I’m doing a lot of reading for my dissertation on horror films and Wes Craven’s Scream (1996) recently came up. It’s been a while since I first saw it, and re-watching it prompted some thoughts about it and other films by Wes Craven.
In the original A Nightmare on Elm Street (1984) the final showdown involves Freddy chasing Nancy Thompson all over the house. Back in the 80’s, Nancy’s house was probably considered upscale.
Cut to Craven’s Scream: everyone’s house is huge! All three houses featured in the film (Casey’s, Sydney’s, Stuart’s*) are multi-level mini-mansions that seem double to triple the size of Nancy Thompson’s in 1984. The dramatic increase in home sizes between the “normal” settings of Nightmare and Scream mirrors the modern capitalistic/consumerism inability to be content, constantly pursuing bigger possessions and greater consumption.
Why does this matter? Because the theme of each film is normalcy interrupted by killers. But how many people live in these types of houses–massive, elaborate abodes that accommodate only three people? These homes are not normal; they are upper middle class. And if you look at supposedly “normal” settings in Hollywood films you’ll find this aesthetic all over the place.
But why? Because it automatically makes you like the protagonist. We like new, clean things and when we see our main gal/guy in this setting we connect with it (we’re supposed to anyway). Their life and surroundings may not accurately mirror our own reality, but we identify with the dream image of ourselves. We want the nice house, we want the new car, we want our lives to be nice and new, and the physical makeup of the film reflect these life fantasies most of us carry.
If we watched a horror film about poor white trash encountering Freddy Krueger, it might be harder to connect to the protagonist because we’re wondering why they live in squalor thanks to the American mythos of Horatio Alger and the “pull yourself up by your bootstraps” mantra.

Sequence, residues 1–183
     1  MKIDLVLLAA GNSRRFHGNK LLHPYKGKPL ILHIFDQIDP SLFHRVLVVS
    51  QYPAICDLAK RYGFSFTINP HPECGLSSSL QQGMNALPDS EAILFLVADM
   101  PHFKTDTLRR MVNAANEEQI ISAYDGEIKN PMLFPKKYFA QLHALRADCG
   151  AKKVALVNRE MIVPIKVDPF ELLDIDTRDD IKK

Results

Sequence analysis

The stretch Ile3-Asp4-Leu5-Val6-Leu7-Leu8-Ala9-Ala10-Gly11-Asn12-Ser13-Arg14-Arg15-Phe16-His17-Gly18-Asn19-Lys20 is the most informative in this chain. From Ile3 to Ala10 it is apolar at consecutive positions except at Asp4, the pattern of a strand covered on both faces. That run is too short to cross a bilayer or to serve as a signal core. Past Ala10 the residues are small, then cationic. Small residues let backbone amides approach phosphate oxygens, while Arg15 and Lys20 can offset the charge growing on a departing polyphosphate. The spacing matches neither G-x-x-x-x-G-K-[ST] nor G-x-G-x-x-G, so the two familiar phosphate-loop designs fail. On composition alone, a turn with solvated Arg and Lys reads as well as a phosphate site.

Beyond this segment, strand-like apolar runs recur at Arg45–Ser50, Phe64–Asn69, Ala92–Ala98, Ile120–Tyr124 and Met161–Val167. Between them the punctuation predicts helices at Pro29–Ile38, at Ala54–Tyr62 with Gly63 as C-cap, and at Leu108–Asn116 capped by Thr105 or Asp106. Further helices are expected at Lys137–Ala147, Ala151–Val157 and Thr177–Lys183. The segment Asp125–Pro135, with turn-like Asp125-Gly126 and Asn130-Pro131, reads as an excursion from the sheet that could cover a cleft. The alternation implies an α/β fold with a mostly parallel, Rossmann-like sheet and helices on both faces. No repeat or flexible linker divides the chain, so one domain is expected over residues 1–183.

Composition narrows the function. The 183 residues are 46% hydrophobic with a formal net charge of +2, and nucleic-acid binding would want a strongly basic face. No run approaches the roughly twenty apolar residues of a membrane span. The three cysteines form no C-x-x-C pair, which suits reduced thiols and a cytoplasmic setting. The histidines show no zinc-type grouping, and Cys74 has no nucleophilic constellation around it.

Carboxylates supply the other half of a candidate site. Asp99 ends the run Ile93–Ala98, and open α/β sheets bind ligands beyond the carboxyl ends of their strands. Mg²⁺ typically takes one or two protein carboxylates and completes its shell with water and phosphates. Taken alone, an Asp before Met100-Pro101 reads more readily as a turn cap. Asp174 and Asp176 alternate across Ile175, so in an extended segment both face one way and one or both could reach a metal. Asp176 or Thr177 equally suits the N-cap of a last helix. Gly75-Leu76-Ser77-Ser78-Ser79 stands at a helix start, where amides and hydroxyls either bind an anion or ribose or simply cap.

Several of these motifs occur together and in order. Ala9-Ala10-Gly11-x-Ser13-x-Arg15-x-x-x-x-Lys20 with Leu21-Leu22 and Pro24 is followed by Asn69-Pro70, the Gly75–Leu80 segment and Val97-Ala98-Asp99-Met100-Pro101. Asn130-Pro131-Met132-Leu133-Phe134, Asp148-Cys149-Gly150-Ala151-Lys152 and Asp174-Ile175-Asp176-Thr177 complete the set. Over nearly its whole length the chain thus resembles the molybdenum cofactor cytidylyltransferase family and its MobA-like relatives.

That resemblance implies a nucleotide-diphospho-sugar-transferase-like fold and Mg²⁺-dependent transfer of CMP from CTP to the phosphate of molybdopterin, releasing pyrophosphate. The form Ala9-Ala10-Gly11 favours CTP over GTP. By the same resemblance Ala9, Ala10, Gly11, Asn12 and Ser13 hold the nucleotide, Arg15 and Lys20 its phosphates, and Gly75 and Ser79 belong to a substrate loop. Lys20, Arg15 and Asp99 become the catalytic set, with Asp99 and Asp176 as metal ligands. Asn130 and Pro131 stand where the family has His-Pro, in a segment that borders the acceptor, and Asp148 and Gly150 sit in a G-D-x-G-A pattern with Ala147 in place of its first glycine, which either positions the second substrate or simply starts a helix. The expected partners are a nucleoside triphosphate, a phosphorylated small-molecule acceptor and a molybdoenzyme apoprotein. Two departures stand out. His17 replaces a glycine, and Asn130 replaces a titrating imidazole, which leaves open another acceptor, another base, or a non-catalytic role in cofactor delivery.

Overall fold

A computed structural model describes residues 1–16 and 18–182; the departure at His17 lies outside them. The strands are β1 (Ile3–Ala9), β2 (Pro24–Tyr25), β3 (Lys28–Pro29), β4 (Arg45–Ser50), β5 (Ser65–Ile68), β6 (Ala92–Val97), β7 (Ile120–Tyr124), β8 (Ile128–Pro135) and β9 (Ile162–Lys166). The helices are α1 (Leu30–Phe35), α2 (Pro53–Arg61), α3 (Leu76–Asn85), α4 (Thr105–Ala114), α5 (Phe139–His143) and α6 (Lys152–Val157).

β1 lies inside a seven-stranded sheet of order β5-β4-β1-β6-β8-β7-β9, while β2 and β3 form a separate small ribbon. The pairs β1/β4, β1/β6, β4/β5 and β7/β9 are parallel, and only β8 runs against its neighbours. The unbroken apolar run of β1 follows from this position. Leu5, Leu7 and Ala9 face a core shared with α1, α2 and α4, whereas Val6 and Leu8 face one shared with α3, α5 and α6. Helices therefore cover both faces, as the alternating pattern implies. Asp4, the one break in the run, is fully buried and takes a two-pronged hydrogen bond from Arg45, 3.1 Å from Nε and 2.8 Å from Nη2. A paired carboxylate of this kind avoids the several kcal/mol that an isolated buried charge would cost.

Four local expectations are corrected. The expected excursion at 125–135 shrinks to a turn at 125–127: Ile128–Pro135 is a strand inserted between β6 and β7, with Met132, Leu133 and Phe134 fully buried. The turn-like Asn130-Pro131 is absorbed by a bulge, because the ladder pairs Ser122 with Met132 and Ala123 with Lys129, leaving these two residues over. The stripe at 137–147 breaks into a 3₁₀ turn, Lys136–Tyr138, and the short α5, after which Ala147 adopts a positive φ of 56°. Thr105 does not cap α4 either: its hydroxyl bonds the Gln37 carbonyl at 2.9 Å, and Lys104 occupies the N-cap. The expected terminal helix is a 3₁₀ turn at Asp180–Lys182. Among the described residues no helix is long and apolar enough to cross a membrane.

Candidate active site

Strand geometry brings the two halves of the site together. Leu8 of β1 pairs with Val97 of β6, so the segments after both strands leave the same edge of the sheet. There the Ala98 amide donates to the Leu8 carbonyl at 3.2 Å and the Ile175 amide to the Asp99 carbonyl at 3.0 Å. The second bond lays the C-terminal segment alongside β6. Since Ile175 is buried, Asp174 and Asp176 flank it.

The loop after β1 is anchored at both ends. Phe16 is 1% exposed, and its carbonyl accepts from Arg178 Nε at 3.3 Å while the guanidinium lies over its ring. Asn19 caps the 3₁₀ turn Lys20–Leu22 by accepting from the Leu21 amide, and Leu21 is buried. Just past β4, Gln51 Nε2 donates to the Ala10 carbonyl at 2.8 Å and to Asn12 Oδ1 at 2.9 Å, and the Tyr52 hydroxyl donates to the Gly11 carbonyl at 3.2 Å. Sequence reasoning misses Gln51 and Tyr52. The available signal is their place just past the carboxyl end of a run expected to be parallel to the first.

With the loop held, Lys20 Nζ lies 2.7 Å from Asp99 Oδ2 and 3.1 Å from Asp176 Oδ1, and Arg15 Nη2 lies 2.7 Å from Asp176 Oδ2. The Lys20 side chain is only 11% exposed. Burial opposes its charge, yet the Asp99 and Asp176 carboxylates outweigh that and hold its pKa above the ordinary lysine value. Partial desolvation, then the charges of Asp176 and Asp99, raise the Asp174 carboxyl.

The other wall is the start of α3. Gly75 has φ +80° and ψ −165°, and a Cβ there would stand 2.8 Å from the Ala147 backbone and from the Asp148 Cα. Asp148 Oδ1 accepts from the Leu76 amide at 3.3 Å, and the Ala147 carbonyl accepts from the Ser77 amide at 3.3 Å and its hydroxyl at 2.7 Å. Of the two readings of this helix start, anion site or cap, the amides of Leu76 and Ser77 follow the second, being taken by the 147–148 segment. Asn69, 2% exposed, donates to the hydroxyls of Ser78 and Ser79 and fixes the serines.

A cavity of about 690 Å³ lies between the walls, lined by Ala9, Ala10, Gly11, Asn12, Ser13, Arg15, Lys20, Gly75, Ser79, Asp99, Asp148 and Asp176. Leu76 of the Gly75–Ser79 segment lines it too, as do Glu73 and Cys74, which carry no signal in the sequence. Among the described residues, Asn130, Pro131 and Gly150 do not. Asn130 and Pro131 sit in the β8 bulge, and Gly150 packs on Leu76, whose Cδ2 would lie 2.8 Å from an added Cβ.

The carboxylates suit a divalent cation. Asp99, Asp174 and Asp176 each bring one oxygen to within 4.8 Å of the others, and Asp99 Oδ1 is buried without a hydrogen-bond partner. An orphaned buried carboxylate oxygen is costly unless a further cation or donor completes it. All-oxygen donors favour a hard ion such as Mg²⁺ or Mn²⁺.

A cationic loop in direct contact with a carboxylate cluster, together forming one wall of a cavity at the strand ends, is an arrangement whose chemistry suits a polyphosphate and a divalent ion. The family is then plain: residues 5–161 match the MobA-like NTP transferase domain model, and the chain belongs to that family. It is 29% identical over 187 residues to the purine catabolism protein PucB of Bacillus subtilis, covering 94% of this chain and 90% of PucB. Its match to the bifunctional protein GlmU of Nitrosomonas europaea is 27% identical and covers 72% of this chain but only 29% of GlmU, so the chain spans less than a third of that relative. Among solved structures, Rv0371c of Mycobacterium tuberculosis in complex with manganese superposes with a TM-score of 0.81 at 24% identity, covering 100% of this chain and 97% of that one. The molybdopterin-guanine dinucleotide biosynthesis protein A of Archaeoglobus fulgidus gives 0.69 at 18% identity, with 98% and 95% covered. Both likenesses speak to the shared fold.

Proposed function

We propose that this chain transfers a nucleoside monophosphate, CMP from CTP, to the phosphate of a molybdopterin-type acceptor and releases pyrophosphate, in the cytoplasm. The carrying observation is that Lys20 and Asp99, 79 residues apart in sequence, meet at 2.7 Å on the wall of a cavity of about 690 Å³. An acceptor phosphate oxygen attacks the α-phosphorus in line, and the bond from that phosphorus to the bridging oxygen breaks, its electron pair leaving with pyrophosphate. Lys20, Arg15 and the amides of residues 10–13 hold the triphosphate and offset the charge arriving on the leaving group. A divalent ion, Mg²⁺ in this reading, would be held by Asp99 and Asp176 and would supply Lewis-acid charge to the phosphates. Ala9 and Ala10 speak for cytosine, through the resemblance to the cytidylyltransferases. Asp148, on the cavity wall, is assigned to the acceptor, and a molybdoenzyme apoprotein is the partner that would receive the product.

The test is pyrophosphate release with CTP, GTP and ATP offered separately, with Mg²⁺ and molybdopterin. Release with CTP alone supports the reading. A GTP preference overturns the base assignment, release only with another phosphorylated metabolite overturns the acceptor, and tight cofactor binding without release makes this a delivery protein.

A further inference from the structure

Further, poverty is usually portrayed on screen as either a strong character or a main element of the story; poverty can’t just be taken for granted, it always has to explain itself (just like poor people in the U.S.) But with these horror films it’s all about dichotomies, so you portray “normalcy” (upper middle class living) vs the nightmare. Having a setting within a dark and dirty ghetto (black, white, Vietnamese, your choice) would make it more difficult to showcase the scariness of the nightmare.
In essence, Hollywood settings encourage an identification with the (upper) middle class dream and bourgeois culture in general. A likable protagonist (i.e., they are attractive, not the killer, and overall nice to other characters) is placed in an affluent setting, and we are automatically on their side and therefore, on the side of the aforementioned political undertones.
Rounding out my thoughts is this: Why should I care about an affluent white community experiencing the occasional trauma brought on by a cheating spouse (motivation of the main killer in Scream)? Because in the real world, the poor and non-whites exist within a state of regular trauma, due in part to the same capitalist system re-asserted at the end of Scream (normalcy [capitalism/consumerism] is restored when killers are killed).
I thought Craven was all anti-middle class with The Last House on the Left and The Hills Have Eyes. I guess age chilled him out.
*Casey: Drew Barrymore, Sydney: Neve Campbell, Stuart: Matthew Lillard